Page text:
FWLec17 - A. F. Peterson: Notes on Electromagnetic Fields &...

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A. F. Peterson: Notes on Electromagnetic Fields & Waves 11/04 Fields & Waves Note #17 Maxwell’s Equations Objectives: Present Ampere’s Law as it was extended by Maxwell to incorporate a displacement current term. Summarize the entire set of Maxwell’s equations and related equations. Show that Maxwell’s equations admit waves as solutions and discuss the characteristics of electromagnetic waves. James Clerk Maxwell After Michael Faraday discovered in 1831 that a change in magnetic flux caused an electrical effect, the equations describing electricity and magnetism remained basically the same for about 30 years. Then, in the 1860s, James Clerk Maxwell extended Ampere’s Circuital Law to include a new term that took into account a time-varying electric flux and the associated magnetic effect. Maxwell organized the existing knowledge base into a collection of about 20 different equations describing electricity and magnetism. Using these equations, he predicted the existence of electromagnetic waves, and also postulated that light was of an electromagnetic nature. Because of Maxwell’s discoveries, today the primary equations of electromagnetic fields are named after him. In 1888, after Maxwell’s death, Hertz demonstrated that electromagnetic waves could be launched and received using simple antennas. Around 1900, Oliver Heaviside simplified Maxwell’s equations into the 4 primary equations we still work with today. Heaviside also developed the vector notation for divergence and curl that we use today, more than 100 years later! In this Note, we review these developments and walk through a mathematical exercise that may be similar to the path James Clerk Maxwell followed to obtain electromagnetic waves. Ampere’s Law as modified by Maxwell The integral form of Ampere’s Circuital Law, as modified by James Clerk Maxwell in the 1860s, is given by mmf = = + ÚÚ ÚÚ Ú Hd Jd S d dt Dd S SS C l (17.1) where S is an open surface that terminates on the closed contour C , and the right-hand screw convention (Note #13) is used to link the direction of dS with the orientation of C . The abbreviation “mmf” was originally used to denote “magneto-motive force,” which actually isn’t a force at all. In fact, the units of (17.1) are Amperes. We observe that if the fields are static, the new term on the right side drops out, leaving Ampere’s Law as it was presented in Note #13.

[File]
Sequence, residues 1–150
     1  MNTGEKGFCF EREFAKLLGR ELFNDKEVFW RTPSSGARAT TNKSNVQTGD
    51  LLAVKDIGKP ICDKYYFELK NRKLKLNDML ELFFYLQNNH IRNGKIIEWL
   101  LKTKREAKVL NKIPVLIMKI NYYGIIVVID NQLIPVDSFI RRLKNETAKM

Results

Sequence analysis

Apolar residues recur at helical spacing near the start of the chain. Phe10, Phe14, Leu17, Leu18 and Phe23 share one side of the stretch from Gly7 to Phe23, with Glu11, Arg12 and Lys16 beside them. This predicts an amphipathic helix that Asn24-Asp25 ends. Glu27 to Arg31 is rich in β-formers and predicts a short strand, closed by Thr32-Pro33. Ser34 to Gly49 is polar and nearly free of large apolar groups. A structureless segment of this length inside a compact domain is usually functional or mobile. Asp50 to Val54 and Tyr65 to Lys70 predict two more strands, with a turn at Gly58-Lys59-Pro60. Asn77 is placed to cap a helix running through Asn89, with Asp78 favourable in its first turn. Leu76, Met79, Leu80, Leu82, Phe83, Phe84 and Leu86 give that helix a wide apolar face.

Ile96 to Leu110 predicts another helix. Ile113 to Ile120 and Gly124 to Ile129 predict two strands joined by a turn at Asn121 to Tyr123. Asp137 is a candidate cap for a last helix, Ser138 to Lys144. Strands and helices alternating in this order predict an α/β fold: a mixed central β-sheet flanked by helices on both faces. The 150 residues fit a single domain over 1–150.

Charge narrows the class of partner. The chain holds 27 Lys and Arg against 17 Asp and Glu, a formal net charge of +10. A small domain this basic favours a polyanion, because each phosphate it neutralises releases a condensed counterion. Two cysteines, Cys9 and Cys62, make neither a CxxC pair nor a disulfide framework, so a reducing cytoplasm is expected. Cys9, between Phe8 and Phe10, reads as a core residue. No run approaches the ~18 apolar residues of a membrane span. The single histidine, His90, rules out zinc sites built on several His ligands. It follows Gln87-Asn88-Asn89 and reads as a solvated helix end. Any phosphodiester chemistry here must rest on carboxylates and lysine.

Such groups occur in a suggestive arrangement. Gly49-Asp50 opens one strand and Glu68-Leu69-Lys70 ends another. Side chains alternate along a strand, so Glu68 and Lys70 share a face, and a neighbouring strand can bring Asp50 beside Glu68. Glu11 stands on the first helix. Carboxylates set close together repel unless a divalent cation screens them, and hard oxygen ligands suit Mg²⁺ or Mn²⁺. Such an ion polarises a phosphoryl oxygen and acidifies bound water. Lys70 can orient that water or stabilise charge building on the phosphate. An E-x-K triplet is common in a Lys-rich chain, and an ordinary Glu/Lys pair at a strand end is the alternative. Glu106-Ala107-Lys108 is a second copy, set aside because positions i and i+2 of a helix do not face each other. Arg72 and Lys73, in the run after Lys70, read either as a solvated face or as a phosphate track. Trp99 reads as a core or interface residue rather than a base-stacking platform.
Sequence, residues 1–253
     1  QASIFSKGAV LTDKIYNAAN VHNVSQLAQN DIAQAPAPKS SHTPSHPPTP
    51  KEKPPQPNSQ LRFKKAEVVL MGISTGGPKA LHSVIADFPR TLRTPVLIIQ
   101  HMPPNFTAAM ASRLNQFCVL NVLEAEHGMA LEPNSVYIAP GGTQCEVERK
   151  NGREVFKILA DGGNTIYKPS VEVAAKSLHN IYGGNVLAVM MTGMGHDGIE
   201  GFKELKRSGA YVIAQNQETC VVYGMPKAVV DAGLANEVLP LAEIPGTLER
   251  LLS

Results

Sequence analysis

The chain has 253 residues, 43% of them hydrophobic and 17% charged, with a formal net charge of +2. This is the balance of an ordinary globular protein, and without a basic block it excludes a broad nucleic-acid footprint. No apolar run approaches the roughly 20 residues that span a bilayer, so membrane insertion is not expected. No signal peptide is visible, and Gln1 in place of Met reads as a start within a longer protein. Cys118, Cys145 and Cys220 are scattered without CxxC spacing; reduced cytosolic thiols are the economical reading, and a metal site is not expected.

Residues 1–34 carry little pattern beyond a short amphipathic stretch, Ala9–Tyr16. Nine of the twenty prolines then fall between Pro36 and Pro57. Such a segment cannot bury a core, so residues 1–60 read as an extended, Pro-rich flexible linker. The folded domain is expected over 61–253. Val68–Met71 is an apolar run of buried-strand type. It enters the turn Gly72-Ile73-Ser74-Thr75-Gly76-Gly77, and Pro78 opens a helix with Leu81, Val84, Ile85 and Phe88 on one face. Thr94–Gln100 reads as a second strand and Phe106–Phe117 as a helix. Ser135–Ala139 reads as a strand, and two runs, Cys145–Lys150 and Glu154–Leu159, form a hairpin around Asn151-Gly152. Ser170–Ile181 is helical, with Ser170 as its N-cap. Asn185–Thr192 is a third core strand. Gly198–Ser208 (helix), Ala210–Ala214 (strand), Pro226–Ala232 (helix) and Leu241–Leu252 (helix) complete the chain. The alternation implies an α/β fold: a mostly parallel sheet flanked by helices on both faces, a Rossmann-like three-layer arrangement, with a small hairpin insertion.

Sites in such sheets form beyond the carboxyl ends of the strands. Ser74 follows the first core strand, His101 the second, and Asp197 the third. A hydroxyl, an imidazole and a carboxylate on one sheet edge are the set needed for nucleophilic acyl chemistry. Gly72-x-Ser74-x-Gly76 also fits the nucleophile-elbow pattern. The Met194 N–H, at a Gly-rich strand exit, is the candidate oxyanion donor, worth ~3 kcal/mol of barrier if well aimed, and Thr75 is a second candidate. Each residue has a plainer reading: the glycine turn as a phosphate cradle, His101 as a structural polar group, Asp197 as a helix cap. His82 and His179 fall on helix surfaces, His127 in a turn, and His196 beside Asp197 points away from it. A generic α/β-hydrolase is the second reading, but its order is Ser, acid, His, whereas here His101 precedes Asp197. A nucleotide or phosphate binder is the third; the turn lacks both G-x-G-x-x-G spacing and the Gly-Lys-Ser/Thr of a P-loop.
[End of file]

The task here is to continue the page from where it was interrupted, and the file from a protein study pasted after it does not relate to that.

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A. F. Peterson: Notes on Electromagnetic Fields & Waves 11/04 The term on the right side of (17.1), I d dt Dd S S displacement = ÚÚ (17.2) was introduced by Maxwell and given the name “displacement” current. Observe that the units of electric flux are Coulombs, and the time derivative converts the units to Amperes, so the term is equivalent to a current. Maxwell reasoned that in certain parts of an electrical system, a time varying electric field played the role of a current.
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This note was uploaded on 01/27/2011 for the course ECE 3025 taught by Professor Citrin during the Spring '08 term at Georgia Institute of Technology.

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FWLec17 - A. F. Peterson: Notes on Electromagnetic Fields &...

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